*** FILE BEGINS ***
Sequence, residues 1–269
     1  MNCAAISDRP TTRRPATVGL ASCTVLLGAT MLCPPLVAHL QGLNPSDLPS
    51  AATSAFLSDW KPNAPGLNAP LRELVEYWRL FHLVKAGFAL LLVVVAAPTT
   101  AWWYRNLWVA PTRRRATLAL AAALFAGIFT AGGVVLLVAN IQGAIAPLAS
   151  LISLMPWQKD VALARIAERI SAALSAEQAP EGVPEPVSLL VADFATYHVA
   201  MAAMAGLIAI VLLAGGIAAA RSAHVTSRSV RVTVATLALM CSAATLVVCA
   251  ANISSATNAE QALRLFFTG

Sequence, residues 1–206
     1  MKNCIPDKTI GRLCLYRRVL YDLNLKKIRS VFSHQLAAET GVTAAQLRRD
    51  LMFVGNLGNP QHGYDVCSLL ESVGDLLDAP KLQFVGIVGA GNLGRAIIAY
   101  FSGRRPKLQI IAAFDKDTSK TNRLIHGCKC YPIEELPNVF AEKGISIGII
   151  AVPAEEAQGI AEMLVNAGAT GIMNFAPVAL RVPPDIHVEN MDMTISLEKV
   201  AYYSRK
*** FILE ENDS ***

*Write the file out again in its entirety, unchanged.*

Sequence, residues 1–269
     1  MNCAAISDRP TTRRPATVGL ASCTVLLGAT MLCPPLVAHL QGLNPSDLPS
    51  AATSAFLSDW KPNAPGLNAP LRELVEYWRL FHLVKAGFAL LLVVVAAPTT
   101  AWWYRNLWVA PTRRRATLAL AAALFAGIFT AGGVVLLVAN IQGAIAPLAS
   151  LISLMPWQKD VALARIAERI SAALSAEQAP EGVPEPVSLL VADFATYHVA
   201  MAAMAGLIAI VLLAGGIAAA RSAHVTSRSV RVTVATLALM CSAATLVVCA
   251  ANISSATNAE QALRLFFTG

Sequence, residues 1–206
     1  MKNCIPDKTI GRLCLYRRVL YDLNLKKIRS VFSHQLAAET GVTAAQLRRD
    51  LMFVGNLGNP QHGYDVCSLL ESVGDLLDAP KLQFVGIVGA GNLGRAIIAY
   101  FSGRRPKLQI IAAFDKDTSK TNRLIHGCKC YPIEELPNVF AEKGISIGII
   151  AVPAEEAQGI AEMLVNAGAT GIMNFAPVAL RVPPDIHVEN MDMTISLEKV
   201  AYYSRK